"Lure People Into That Calm and Then Just Totally F--k 'Em": How All of Us Pay for the Derivatives Market
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While several policymakers close to the financial industry like Fed Chairman Ben Bernanke and Treasury Secretary Timothy Geithner oppose the Lincoln language -- known on Capitol Hill as "Section 716"-- many top economists agree that getting taxpayers out of the derivatives business is the most important Wall Street reform still on the table for 2010.
"To me, preserving section 716 is really the critical issue," Nobel laureate economist Joseph Stiglitz said on a June 9 conference call with reporters. "It protects the taxpayer." Top economic thinkers like Nouriel Roubini, former IMF chief economist Simon Johnson, Dean Baker and Jane D'Arista have also offered support for the measure.
If banks can't pump taxpayer money into the derivatives machine, that machine becomes much less profitable. Instead of booking fictitious profits based on perpetual government aid, derivatives dealers will have to price their risks as they exist in the real world. Market forces would shrink the casino, putting the entire economy in a better place.
Most followers of the Wall Street collapse know that derivatives are dangerous -- but even some dedicated reformers can find themselves wondering just what the hell a derivative actually is. The answer: just about anything a banker wants it to be. Derivatives are used to for everything from straightforward insurance to outrageous accounting fraud. Any financial contract whose value is derived from some other asset can be classified as a derivative. They can be derived from just about any asset imaginable, which is why derivatives scandals are so diverse in nature. Enron used derivatives to loot the California electricity market. AIG used them to loot the U.S. mortgage market, J.P. Morgan Chase used them to loot Jefferson County, Alabama and Goldman Sachs used them to loot the European Union.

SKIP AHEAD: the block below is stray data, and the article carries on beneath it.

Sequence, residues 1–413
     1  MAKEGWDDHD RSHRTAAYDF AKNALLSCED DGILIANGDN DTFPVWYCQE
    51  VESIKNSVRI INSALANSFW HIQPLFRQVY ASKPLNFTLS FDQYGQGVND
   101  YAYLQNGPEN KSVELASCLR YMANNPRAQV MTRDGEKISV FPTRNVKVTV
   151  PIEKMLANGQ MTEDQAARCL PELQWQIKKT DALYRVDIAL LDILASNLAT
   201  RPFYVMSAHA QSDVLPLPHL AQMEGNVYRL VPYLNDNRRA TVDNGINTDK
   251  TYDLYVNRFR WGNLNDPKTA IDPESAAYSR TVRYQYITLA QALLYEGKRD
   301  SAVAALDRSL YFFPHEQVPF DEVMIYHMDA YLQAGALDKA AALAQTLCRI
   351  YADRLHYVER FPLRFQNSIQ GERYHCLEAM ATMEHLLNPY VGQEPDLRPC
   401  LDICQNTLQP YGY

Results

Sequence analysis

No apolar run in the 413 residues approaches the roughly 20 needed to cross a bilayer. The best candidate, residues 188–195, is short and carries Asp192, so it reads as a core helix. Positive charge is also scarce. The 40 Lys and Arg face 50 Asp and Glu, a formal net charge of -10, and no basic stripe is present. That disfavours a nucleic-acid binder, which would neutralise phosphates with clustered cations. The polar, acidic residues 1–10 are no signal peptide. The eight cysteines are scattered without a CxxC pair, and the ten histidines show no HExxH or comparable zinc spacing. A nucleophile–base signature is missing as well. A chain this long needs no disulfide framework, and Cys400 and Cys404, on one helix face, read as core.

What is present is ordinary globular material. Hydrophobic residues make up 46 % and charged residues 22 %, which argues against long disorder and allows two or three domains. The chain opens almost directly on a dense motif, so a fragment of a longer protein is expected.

"You can use derivatives to get into any business you want," says Michael Masters, an incredibly successful hedge fund manager who has worked closely with White on derivatives reform proposals. "If a bank wants to get into the iron ore business, they can do that. They can get into the coal transportation business. You can say, 'I'm going to be in the shoe business now,' and concoct some derivatives based on shoes, and all of a sudden, you come to dominate the shoe industry. Banks are supposed to be banks. They're supposed to facilitate commercial activity, not directly compete with commercial enterprises. That taxpayer subsidy gives them a leg up on every other industry, financial or otherwise, when they can deploy it on derivatives."
A bloated financial sector is bad for the economy. Instead of acting as a catalyst for broader economic growth, oversized financial sectors actually devour other productive activity. By 2007, finance accounted for about 40 percent of corporate profits, according to the Bureau of Labor Statistics. After taking a dive during the crash of 2008, finance was back to 36 percent of profits by the end of 2009, almost all of that rebound carried by derivatives operations. If we cannot shrink bank profits, our economic recovery is going to be unnecessarily weak. The rest of the economy will be suffering at the expense of our financiers.
But the very fact that most people need to ask the question -- what is a derivative? -- is part of this market's profit magic. By injecting needless complexity into otherwise straightforward financial transactions, banks can game their balance sheets, deceive investors and defraud their own clients. The recent examples are nauseating -- Goldman Sachs setting up its own customers to fail and then betting against them; Lehman Brothers using derivatives to hide mountains of debt from its own investors; and on and on.